Human Trafficking

Human trafficking is a serious crime that occurs when one party violates another’s rights by depriving them of their freedom of choice for the purpose of exploitation. Human trafficking can occur across and within borders.

Human trafficking involves the recruitment, transportation, or harbouring of individuals by the use of force or other forms of coercion and deception for the purpose of exploitation. The most common form is sex trafficking. Other examples of exploitation include forced labour, domestic servitude, and the removal of organs for trade.

Vulnerable groups that may be at-risk of human trafficking include Aboriginal women, youth and children, migrants, new immigrants, at-risk youth, runaways, and socially or economically disadvantaged persons.

Fighting human trafficking

The Canada Border Services Agency (CBSA) fights human trafficking as part of its role in managing Canada’s borders and combatting cross-border crime.

The CBSA:

Reporting suspicious cross-border activity

If you have information about suspicious cross-border activity, please contact the CBSA's Border Watch Toll-Free Line at 1-888-502-9060.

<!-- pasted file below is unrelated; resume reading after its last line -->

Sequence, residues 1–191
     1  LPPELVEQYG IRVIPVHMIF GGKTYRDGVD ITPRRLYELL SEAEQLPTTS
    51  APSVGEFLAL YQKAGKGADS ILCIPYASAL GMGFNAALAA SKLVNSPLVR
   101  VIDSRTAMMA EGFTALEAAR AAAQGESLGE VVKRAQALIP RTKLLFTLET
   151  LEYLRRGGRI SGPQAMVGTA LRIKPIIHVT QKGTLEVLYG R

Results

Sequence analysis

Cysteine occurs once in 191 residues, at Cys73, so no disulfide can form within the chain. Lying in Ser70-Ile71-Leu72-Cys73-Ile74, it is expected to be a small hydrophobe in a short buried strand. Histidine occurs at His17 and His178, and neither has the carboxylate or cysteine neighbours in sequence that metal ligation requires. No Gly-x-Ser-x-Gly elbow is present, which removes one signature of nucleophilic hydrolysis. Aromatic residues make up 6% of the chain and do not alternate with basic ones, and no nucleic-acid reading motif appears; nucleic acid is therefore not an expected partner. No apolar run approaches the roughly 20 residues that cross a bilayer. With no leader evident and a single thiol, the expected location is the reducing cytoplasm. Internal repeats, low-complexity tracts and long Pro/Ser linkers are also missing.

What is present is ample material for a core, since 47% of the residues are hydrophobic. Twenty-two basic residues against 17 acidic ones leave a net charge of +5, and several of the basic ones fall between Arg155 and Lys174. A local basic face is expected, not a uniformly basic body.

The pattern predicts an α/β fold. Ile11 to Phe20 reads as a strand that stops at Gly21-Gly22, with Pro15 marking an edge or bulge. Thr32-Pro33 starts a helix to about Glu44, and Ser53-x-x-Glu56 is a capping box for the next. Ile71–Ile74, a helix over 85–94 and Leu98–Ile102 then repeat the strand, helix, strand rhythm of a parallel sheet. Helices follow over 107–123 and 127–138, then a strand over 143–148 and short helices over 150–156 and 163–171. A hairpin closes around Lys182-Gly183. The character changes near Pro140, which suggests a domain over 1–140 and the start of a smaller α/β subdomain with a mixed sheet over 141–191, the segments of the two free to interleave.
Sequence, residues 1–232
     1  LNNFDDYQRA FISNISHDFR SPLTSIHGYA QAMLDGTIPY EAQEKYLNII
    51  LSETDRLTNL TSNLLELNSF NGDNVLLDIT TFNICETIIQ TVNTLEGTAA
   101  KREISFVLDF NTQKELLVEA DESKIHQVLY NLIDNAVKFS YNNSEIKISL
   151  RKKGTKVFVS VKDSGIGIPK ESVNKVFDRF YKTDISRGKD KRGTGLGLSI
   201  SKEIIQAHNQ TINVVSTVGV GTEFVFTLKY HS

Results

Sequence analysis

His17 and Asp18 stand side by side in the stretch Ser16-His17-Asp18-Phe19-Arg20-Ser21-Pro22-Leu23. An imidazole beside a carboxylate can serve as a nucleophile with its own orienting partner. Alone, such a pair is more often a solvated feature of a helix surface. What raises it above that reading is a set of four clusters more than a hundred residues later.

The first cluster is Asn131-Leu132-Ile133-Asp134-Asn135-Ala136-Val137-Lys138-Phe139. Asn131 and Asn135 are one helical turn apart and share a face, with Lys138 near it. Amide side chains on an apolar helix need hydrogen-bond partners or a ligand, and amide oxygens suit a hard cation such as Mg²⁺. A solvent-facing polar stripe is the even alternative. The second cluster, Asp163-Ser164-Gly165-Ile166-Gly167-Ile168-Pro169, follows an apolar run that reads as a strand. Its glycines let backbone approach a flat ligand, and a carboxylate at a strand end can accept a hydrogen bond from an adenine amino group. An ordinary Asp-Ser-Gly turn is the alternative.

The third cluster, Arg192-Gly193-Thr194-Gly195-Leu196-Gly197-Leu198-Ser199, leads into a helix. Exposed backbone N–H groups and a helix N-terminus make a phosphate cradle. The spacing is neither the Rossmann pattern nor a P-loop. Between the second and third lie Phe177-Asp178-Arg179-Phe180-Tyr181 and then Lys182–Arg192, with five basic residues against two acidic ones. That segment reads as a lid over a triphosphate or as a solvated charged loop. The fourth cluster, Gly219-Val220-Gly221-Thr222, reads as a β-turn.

National Action Plan to Combat Human Trafficking

The Government of Canada launched the National Action Plan (NAP) to Combat Human Trafficking on June 6, 2012, which built on Canada’s responses and commitment to work together with partners to prevent and combat this disturbing crime. The NAP’s objectives are to prevent human trafficking, identify victims, protect the most vulnerable, and prosecute perpetrators.

The CBSA has been working with other federal partners in the implementation of the NAP, which includes Agency-specific commitments related to training, outreach, and intelligence activities. The CBSA is also part of a Royal Canadian Mounted Police-led integrated enforcement team dedicated to human trafficking.

Visit the Public Safety Canada website to view the National Action Plan to Combat Human Trafficking and the NAP 2012-2013 Annual Report on Progress.

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